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Press Release

Manufacturer Of Defective North Carolina Bridge Parts Arrested In Chicago Area Following Indictment

For Immediate Release
U.S. Attorney's Office, Eastern District of North Carolina

RALEIGH – United States Attorney Thomas G. Walker announced that SANTIAGO DE LA TORRE, 45, of Joliet, Illinois, has been charged by a federal grand jury in a 17-count indictment with  Making False Statements Concerning Highway Projects and Aiding and Abetting; Aggravated Identity Theft and Aiding and Abetting; Conspiracy to Make False Statements Concerning Highway Projects; and Perjury.  Agents with the Federal Bureau of Investigation arrested DE LA TORRE in the Chicago area on October 21, 2015.

The indictment alleges that SANTIAGO DE LA TORRE and his brother, Joel De La Torre, residents of Illinois, opened a business called Delgado Elastomeric Bearings Corporation (DEBC).  Through DEBC, the defendant and his brother manufactured and sold elastomeric bridge bearings, which are effectively shock absorbers for bridges.  The defendant and his brother sold the bearings for use by multiple North Carolina highway contractors on numerous bridges in the state.

The indictment alleges that between 2009 and October of 2011, SANTIAGO DE LA TORRE and Joel De La Torre carried out a scheme to manufacture and sell bridge bearings on federal and state highway contracts in North Carolina and forged an application with the State of North Carolina to be able to supply bridge bearings on highway projects within the state.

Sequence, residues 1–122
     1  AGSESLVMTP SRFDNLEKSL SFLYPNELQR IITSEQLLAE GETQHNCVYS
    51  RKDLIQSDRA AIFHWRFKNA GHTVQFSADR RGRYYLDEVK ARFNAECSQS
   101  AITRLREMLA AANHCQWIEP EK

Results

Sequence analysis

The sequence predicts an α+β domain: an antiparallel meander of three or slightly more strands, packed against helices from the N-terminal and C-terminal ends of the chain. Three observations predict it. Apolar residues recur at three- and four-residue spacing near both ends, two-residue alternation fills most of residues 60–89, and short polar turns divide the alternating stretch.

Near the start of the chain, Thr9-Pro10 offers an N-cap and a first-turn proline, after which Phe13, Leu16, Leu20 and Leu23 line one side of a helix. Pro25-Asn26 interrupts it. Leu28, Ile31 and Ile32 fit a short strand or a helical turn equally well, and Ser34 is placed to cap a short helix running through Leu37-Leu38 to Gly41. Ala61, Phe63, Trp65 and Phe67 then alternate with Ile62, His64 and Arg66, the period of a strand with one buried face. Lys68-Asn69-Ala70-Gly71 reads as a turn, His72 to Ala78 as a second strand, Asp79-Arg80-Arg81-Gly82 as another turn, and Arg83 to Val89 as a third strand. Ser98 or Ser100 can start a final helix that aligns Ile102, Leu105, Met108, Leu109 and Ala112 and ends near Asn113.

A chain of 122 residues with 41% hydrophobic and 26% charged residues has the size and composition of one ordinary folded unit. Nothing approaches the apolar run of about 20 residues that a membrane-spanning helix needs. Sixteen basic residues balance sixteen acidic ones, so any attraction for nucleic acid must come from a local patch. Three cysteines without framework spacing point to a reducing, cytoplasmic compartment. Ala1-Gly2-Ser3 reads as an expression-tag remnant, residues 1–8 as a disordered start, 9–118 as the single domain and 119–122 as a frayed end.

The indictment further alleges that with each shipment of bridge bearings, SANTIAGO DE LA TORRE and his brother falsified various documents concerning the quality and testing of the bridge bearings.  The indictment alleges that the certifications were false and fraudulent for various reasons, including the fact that SANTIAGO DE LA TORRE and Joel De La Torre fabricated the test results listed in the certifications.

The indictment further alleges that federal and state construction contractors received and relied upon the false and fraudulent certifications. According to the North Carolina Department of Transportation and the Federal Highway Administration, there is no immediate safety concern arising from the defective bearings.  Nevertheless, the bearings will require replacement at a later date.  Costs associated with the replacement of the bearings are expected to exceed $5 Million due to the difficulty in removing the bearings from beneath existing structures, engineering costs, and traffic control.

If convicted, the maximum punishment for Making False Statements Concerning Highway Projects, Conspiracy to Make False Statements, and Perjury is up to five years in prison for each count, a $250,000.00 fine for each count, and 3 years of supervised release.  Conviction for Aggravated Identity Theft carries a penalty of not less than, nor more than 2 years imprisonment consecutive to any other sentence imposed, $250,000.00 fine and one year of supervised release.

An indictment is an allegation of a crime.  The defendant is presumed under the law to be innocent until proven guilty.  The defendant’s brother, Joel De La Torre, previously pleaded guilty on a related charge on April 16, 2015.

The investigation of this case was conducted by the Federal Bureau of Investigation and the United States Department of Transportation, Office of the Inspector General.  Assistant United States Attorney William M. Gilmore represents the United States.

Updated October 23, 2015